And that’s the first point. The handshake IS important. When you meet someone, SHAKE THEIR HAND. If your hands are full, free them. If they’re standing across the room, approach them. Ignoring a handshake can be seen as disrespectful, so stand up, free your hand, approach the other person and give them a good firm handshake while making eye contact and smiling.

Now, a few tips about the handshake itself:

Warm your hands. Before you meet with the interviewer, rub your hands together to warm them up, and wipe them on your clothes to make sure they’re dry. You can also sit with your hands underneath your legs to keep them warm and dry.

Free your right hand. When the interviewer enters the room, make sure your right hand is free and clear for the handshake.

Go the distance. Stand too close and you’re invading their space. Stand too far away and you appear uncomfortable and isolated. You should stand far enough away to “extend” your hand to shake theirs, but don’t stand so far away that your body has to lean forward to reach them. If’ you’re not sure, stand still, extend your hand, and let them step in to a comfortable distance.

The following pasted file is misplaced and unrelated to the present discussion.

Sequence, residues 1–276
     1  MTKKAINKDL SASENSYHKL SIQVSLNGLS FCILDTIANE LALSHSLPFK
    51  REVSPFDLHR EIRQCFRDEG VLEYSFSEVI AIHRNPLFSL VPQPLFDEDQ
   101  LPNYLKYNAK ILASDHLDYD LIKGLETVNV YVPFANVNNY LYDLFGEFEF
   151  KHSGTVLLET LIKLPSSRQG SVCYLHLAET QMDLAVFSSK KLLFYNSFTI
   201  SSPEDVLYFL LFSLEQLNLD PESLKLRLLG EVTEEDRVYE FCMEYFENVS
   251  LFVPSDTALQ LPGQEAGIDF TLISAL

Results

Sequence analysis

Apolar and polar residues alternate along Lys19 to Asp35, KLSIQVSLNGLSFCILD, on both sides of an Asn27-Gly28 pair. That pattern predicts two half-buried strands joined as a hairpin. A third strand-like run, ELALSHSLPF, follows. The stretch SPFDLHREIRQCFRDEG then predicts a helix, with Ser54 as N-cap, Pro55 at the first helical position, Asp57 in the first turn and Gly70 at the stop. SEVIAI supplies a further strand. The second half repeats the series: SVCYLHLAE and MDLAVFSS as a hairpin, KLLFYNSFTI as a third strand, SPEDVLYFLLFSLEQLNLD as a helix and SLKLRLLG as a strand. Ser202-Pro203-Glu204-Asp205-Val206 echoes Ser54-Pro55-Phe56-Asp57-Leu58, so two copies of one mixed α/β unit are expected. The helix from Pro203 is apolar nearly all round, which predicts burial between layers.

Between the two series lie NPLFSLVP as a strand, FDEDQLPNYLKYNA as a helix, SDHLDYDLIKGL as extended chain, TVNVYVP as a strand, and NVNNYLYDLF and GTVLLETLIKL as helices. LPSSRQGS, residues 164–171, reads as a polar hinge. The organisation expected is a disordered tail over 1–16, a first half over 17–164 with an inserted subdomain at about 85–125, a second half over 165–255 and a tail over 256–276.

Get a grip. Never EVER grip too tight, especially if you’re a man shaking a woman’s hand. But a weak handshake is not good either. (ladies, NEVER do the little “fingertip handshake”). Give a good solid handshake without squeezing. It’s courtious and shows confidence.

Good hand positioning. Believe it or not, the angle of your hand is significant. An “underhand shake”, where your palm is up, is a sign of submission. An “overhand shake”, where your palm is facing downward, is a sign of dominance. It’s best to make sure your palm is facing sideways, not up or down. If the interviewers palm is facing upward or downward, you should take their hand and adjust so that both your hands are vertical. This indicates a partnership and equality.

A good general rule of thumb… follow the other person’s lead with everything EXCEPT positioning, which should ALWAYS be vertical.

Hope this helps!